A day off from the Movies to take in Bob Dylan’s paintings, sketches and flash cards in Miami

The most complete exhibition ever of Dylan as visual artist shows him a sort of imitation  Edward Hopper of Hibbing, with a heavy dose of Van Gogh and a hint of late period Winslow Homer.

This Bob Dylan the Visual Artist exhibit, “Retrospectrum,” is “a conversation between the artist and his songs,” a wide visual survey of the Nobel laureate’s influences — folk music to movies, lonesome prairies to city bars, from Minnesota and North Dakota to New York and New Orleans, all tried out in sketches, paintings and ironwork sculpture befitting a product of Minnesota’s “Iron Range.”

There’s a fascinating room of works inspired by Dylan’s many visits to New Orleans, other pieces with a Key West lineage — New York street scenes, others from the Great Plains, folk music reveries on trains, homages to Woody Guthrie, diners, dives, bars and drive-ins.

And then I duck into a gallery filled with the most polished paintings of all. Even though I got there when the exhibit opened and they hadn’t set out the brochures guide to the show to lead you through it, there’s an iconic image of Robert Mitchum at a bar. “Farewell My Lovely?”

Dylan copies stills from movies? Yes he does, and beautifully. Any film buff would be lucky to have these pieces hanging at home.

Robert Duvall must be the preacher exhorting his flock in “The Apostle.” The seedy jungle bar, another fellow I ran into there pointed out, was inspired by William Friedkin’s “Sorcerer.”

And there’s this Dylanesque faux cowpoke leaning against the bar, possibly staring at the mechanical bull from “Urban Cowboy.”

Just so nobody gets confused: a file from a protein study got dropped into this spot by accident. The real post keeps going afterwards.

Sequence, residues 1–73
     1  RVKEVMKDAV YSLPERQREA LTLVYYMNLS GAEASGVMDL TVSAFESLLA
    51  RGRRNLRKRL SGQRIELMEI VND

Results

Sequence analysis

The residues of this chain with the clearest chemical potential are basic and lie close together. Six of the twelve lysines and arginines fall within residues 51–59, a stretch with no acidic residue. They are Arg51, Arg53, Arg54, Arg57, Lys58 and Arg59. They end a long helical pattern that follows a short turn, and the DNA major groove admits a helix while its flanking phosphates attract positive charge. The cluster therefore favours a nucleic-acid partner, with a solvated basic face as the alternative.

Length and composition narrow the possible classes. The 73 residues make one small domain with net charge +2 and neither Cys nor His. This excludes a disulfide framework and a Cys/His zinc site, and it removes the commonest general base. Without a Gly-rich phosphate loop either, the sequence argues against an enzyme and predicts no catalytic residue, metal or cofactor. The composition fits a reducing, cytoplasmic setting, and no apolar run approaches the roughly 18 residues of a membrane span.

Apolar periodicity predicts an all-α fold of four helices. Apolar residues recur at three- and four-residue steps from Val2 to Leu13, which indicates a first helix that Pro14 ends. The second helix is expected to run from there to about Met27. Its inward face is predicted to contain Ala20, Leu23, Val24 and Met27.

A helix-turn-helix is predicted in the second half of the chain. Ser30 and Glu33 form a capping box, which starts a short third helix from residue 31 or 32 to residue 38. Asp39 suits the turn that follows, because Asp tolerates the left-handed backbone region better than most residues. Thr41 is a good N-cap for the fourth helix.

“Deep Focus” he calls the section of film-inspired paintings, glimpses of “Taxi Driver” and other obvious ones, and obscure images copied from 1930s newsreels.

Much of this work has never before been shown in the US. There are handwritten lyrics of many of his greatest songs paired with sometimes representative sketches of “Maggie’s Farm” or “Girl of the North Country,” and sometimes the pairings are ironic. “Song for Woody” paired with a sketch of perhaps Louis XV., etc. That stuff came from “Mondo Scripto.”

It’s at the Frost Museum of Art on the Florida International University campus in Miami for a bit longer. April, to be exact.

Listen closely, and you can almost hear Springsteen shouting “Honey, I think I need to stop by the paint supplies store” across his lonesome, echoey Jersey ranch.

About Roger Moore

Movie Critic, formerly with McClatchy-Tribune News Service, Orlando Sentinel, published in Spin Magazine, The World and now published here, Orlando Magazine, Autoweek Magazine
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